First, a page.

“Yeerongpilly was found to be the preferred location as it provides the best balance between cost, community impact, community benefit and rail operations.

“For example if we were to portal at the Clapham Rail Yard we would need to find another 15 hectare land site for stabling on or close to the rail line.

“That’s equivalent of 15 hectares of land, which would be about the size of three Suncorp Stadiums.

“The location that has been chosen will also service the proposed Yeerongpilly transit oriented development, which was identified in the 2010 Growth Management Summit as a location where high quality and frequent public transport is required.”

Ms Nolan said with the preferred location for the southern portal now determined, potential property requirements had also been identified.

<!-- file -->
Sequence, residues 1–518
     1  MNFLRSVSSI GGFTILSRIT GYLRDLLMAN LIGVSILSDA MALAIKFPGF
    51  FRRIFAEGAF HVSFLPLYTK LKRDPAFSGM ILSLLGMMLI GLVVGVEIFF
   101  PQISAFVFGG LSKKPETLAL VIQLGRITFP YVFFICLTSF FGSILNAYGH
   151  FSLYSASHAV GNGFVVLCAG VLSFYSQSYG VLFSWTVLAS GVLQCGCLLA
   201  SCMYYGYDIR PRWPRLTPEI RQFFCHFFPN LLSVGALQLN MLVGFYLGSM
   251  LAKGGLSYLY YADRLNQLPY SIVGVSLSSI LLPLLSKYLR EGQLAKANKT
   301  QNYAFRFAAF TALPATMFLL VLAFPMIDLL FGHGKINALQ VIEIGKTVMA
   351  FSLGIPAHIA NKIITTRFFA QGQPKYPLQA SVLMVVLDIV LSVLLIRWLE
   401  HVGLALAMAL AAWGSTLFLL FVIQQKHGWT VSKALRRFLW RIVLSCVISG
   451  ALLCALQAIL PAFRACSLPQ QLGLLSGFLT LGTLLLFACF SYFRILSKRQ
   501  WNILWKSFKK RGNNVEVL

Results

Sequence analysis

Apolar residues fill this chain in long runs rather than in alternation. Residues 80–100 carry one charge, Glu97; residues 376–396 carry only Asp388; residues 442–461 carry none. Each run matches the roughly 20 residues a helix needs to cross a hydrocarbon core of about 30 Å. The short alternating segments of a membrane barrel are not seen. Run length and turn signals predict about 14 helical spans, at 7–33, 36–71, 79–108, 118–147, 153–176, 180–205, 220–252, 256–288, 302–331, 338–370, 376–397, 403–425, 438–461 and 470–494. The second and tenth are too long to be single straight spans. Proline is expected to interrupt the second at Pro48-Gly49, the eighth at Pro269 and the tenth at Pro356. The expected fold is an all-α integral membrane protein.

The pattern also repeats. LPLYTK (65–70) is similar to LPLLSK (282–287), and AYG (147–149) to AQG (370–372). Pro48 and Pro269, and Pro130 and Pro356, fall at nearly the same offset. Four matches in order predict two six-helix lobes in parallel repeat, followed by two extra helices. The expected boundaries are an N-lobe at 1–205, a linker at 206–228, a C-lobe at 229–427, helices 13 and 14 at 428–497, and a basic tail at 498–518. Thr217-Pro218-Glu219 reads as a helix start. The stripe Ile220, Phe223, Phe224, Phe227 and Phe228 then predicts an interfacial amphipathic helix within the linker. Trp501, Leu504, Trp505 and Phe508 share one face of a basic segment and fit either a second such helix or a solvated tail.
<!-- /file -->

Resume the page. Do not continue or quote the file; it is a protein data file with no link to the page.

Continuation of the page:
“Based on the current design of the southern portal and new station, 66 properties (125 land owners) will be required, compared to the 197 properties (376 land owners) that would have been required if the tunnel was to surface in Fairfield,” she said.

“Of the land required for the current design, about 84% is industrial land further south than Yeerongpilly.

“The project team will be working closely with property owners whose properties have been identified as required for the southern portal and new station – I understand this may be a difficult time for the owners and I strongly encourage them to contact the project team if they have any questions.”

Member for Yeerongpilly Simon Finn welcomed the decision of a new station and transport options.

“Today’s announcement will provide greatly improved public transport services for local residents,” he said.

“It provides a balance between property impacts, future growth demands and project cost.“